Freedom in the World 2024 Report: The Mounting Damage of Flawed Elections and Armed Conflict

01.03.2024 | Freedom House publishes 2024 Report with concerning findings

Key findings of the report (see FREEDOM IN THE WORLD 2024 Report, p. 1)

  • Global freedom declined for the 18th consecutive year in 2023. The breadth and depth of the deterioration were extensive. Political rights and civil liberties were diminished in 52 countries, while only 21 countries made improvements. Flawed elections and armed conflict contributed to the decline, endangering freedom and causing severe human suffering.
  • Widespread problems with elections, including violence and manipulation, drove deterioration in rights and freedoms. Ecuador was downgraded from Free to Partly Free status because its elections were disrupted by violent criminal organizations, which killed several state officials and political candidates. In Cambodia, Guatemala, Poland, Turkey, and Zimbabwe, incumbents tried to control electoral competition, hinder their political opponents, or prevent them from taking power after election day. While Thailand edged over the line from Not Free to Partly Free thanks to more competitive elections, a military-drafted constitution allowed unelected entities to distort the subsequent government-formation process. Military forces also ousted the elected government in Niger, leading to the second-largest score decline of the year, and adding another case to the wave of coups in the Sahel region of Africa that began in 2020.
  • Armed conflicts and threats of authoritarian aggression made the world less safe and less democratic. Around the world, violent conflict—often driven by authoritarian aggression—caused death and destruction and imperiled freedom. Nagorno-Karabakh, a territory that has long received its own assessment in this report, suffered the year’s largest recorded decline in freedom and moved from Partly Free to Not Free after a blockade and military offensive by the Azerbaijani regime led to the capitulation of its separatist government and the de facto expulsion of its ethnic Armenian population. The Kremlin’s full-scale invasion of Ukraine continued for a second year, further degrading basic rights in occupied areas and prompting more intense repression in Russia itself. Civilians also bore the brunt of the conflict between Israel and the Palestinian militant group Hamas, a civil war stemming from the 2021 military coup in Myanmar, and brutal fighting between rival military and paramilitary factions in Sudan.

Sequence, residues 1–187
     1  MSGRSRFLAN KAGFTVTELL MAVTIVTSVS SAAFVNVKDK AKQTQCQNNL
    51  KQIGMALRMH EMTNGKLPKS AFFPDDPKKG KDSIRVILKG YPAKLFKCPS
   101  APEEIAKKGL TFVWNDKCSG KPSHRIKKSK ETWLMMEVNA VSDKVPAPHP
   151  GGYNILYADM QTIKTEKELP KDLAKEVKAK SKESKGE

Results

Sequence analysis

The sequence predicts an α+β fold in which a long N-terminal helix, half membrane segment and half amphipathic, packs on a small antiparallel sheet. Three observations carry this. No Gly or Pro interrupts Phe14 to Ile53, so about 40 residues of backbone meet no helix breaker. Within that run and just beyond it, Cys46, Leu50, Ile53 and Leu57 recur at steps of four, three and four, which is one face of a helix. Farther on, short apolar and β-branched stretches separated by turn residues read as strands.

• The denial of political rights and civil liberties in disputed territories dragged down freedom in the associated countries, including some democracies. People living in disputed territories without access to self-determination were especially vulnerable to abuses by authorities with no meaningful checks on their power. Beijing continued to clamp down on the few freedoms available to residents of Hong Kong and Tibet, while the Russian regime advanced its efforts to repress vulnerable populations in Crimea and enlist local inhabitants in its war of aggression. Repression in disputed territories was largely perpetrated by autocratic regimes, but the democraticall elected governments of Israel and India were complicit in violating basic rights in the West Bank and Gaza Strip and in Indian-administered Kashmir, respectively. These harmful policies were intertwined with threats to democratic principles and institutions within the larger countries.
  • Pluralism is under attack but remains a source of strength for all societies. The rejection of pluralism—the peaceful coexistence of people with different political ideas, religions, or ethnic identities—by authoritarian leaders and armed groups produced repression, violence, and a steep decline in overall freedom in 2023. These trends are creating an environment that is unfavorable to democracy just as the world enters a consequential year of elections. But by drawing strength from diversity, protecting dissent, and building international coalitions to support their own norms and values, democratic forces can still reverse the long decline in global freedom.

via Freedom House

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M.A. Lisa Klisch


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